Missing data in the quotation historical

There is another explanation that could be a source of the difference between a backtest and a real account. It is the ticks loading problem in the backtesting environment. The fact is that some ticks could be missed while a backtest in the historical data. This problem is known in algorithmic trading and is not specific to the Prorealtime platform. The tick-by-tick data represents a considerable quantity of information, and it frequently happens that some ticks miss in the historical data. A network failure may occur while building data or loading in the backtesting environment.

The quality of historical data is a significant problem in the algorithmic trading industry, and some companies specialize in collecting this data. High-quality market data is often expensive.

The number of loaded candles

I recently noted that the number of loaded candles, while a backtest, could generate some mistakes in the result. When I launched a backtest using more than 100 000 candles, there were differences between the backtest result and my real trading account result. To fix this problem, you can reload your backtest using less than 100 000 candles.

100 000 candles backtest

Backtest of an automated trading system using 100k candles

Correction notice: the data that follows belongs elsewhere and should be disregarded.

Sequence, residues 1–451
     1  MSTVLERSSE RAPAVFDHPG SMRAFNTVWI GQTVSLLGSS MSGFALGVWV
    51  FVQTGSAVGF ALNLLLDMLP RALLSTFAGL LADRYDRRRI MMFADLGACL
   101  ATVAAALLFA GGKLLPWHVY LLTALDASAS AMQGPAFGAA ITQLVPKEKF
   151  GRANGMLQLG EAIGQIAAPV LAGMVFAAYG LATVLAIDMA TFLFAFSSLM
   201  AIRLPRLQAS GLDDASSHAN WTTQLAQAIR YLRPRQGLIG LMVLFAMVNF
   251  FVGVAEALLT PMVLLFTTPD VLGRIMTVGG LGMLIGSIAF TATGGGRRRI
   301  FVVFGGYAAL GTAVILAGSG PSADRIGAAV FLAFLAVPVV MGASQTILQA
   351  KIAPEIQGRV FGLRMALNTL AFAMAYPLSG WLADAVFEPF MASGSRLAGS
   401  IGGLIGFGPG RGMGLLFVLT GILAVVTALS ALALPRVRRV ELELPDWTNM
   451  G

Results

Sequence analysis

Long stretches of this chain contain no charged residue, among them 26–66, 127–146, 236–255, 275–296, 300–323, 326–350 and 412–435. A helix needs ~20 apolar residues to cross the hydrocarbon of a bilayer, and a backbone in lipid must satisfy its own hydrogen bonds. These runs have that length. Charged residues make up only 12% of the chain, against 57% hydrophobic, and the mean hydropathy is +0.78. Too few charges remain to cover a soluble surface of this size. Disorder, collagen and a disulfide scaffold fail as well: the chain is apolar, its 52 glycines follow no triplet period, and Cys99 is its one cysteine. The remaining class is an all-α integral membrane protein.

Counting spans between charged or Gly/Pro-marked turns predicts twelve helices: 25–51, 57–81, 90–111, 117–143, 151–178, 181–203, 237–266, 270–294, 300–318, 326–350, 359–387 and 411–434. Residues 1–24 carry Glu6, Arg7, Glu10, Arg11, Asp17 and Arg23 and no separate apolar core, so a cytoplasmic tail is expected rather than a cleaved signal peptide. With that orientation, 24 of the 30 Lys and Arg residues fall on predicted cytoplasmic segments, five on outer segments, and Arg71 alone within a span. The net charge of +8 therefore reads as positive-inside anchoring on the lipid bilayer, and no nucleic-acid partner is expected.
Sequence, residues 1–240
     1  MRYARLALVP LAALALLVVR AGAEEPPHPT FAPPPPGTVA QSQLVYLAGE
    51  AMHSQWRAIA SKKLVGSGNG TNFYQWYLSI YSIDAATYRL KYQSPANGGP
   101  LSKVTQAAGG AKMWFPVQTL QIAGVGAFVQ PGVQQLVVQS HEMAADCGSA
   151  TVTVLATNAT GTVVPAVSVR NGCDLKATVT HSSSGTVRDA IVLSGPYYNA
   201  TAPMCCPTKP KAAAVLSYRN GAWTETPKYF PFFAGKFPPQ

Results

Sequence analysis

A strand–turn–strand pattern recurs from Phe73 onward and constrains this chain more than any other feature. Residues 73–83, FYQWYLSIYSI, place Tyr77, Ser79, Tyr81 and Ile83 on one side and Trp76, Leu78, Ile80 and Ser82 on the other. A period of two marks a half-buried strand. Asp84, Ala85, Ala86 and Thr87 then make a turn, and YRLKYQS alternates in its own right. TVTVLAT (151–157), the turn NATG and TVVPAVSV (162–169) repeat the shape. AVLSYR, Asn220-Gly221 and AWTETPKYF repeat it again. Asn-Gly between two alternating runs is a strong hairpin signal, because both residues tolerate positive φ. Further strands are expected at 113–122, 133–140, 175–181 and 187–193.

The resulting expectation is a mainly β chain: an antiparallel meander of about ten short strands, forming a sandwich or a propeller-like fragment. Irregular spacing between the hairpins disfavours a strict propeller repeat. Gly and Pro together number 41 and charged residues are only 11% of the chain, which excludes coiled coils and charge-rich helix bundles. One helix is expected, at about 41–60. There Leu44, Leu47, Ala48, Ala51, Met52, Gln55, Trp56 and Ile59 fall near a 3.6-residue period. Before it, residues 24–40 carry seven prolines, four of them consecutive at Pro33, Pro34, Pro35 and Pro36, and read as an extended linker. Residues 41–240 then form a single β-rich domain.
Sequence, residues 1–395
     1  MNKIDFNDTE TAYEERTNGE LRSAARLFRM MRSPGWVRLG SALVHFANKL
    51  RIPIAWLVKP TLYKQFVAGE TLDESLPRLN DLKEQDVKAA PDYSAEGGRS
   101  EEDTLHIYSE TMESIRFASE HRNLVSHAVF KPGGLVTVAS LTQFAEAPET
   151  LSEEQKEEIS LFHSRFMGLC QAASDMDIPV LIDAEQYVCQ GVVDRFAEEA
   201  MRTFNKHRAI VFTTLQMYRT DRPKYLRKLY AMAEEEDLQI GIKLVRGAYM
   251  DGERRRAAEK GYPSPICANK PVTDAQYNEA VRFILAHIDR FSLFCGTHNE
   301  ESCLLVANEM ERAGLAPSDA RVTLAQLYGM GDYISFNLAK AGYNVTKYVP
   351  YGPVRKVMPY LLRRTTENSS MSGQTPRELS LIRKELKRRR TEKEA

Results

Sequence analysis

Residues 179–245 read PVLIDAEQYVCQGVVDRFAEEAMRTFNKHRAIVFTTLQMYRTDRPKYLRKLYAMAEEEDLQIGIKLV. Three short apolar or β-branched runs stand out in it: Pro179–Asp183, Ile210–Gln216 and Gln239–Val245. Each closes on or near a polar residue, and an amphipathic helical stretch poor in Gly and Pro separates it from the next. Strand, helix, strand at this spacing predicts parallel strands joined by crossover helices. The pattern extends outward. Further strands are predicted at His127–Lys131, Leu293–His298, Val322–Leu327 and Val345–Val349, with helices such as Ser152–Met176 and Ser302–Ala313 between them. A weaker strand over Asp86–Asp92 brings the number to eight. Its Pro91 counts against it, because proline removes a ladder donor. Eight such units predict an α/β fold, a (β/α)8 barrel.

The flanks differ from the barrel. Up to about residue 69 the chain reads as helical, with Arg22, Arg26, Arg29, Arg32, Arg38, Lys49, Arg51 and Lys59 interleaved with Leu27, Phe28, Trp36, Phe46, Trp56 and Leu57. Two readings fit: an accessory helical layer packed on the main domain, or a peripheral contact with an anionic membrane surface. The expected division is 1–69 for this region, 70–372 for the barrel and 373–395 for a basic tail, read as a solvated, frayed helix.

200 000 candles backtest

Backtest of an automated trading system using 200k candles

You can see that the behavior of these two backtests is different between 100k candles and 200k candles, so I ran exactly the same strategy.

The rejected orders

It is also possible that the difference between a backtest and a real account comes from a rejected order by your broker. For example, the IG broker does not allow your system to place a stop-loss of less than 5 points. If your automated trading system tries to place a stop-loss 4 points under the price of the last closed candle, the broker will reject this order.

This behavior does not appear during a backtest. If your trading system automatically calculates the stop-loss without controlling this minimal level, this order will be rejected until the minimal condition of the stop-loss placement is completed. That is why sometimes, your automated trading system opens an entry with latency compared to the backtest.

On the Prorealtime platform, you can see all the orders using “Ctrl o”:

Rejected orders on Prorealtime

In the screenshot, you can see two rejected orders in the automated trading list. The broker rejects these orders because my trading system has tried to place a stop order less than 5 points under the actual price of the candle.


IG Market spread and fees:


Please visit our automated trading learning section to learn more about automatic trading.

If you have any questions, please ask me in a comment, and if this article pleases you, I would be grateful to see you share it.